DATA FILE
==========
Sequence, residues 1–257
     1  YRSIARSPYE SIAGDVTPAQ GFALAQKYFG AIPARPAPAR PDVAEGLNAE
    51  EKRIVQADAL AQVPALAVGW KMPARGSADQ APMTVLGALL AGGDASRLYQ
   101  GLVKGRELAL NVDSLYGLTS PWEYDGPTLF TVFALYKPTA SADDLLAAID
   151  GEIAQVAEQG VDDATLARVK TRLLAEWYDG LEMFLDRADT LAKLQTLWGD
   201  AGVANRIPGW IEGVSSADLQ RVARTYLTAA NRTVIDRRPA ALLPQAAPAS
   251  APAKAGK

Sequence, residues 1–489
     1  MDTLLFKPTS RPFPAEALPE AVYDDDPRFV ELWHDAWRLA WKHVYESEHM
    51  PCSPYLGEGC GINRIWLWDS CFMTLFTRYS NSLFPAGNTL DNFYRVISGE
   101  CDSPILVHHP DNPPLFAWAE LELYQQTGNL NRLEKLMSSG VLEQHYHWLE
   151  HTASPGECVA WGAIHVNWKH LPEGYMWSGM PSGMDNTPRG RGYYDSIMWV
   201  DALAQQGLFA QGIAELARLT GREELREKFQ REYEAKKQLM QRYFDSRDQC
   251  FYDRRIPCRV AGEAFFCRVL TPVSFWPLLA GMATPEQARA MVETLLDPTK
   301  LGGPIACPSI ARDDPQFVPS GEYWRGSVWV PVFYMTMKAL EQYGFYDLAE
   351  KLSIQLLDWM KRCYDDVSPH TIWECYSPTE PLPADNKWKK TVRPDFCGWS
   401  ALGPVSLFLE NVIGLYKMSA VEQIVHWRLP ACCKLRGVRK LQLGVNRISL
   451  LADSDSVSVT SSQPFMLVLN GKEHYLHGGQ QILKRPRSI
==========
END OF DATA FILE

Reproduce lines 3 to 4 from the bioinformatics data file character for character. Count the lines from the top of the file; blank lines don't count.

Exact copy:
    51  EKRIVQADAL AQVPALAVGW KMPARGSADQ APMTVLGALL AGGDASRLYQ
   101  GLVKGRELAL NVDSLYGLTS PWEYDGPTLF TVFALYKPTA SADDLLAAID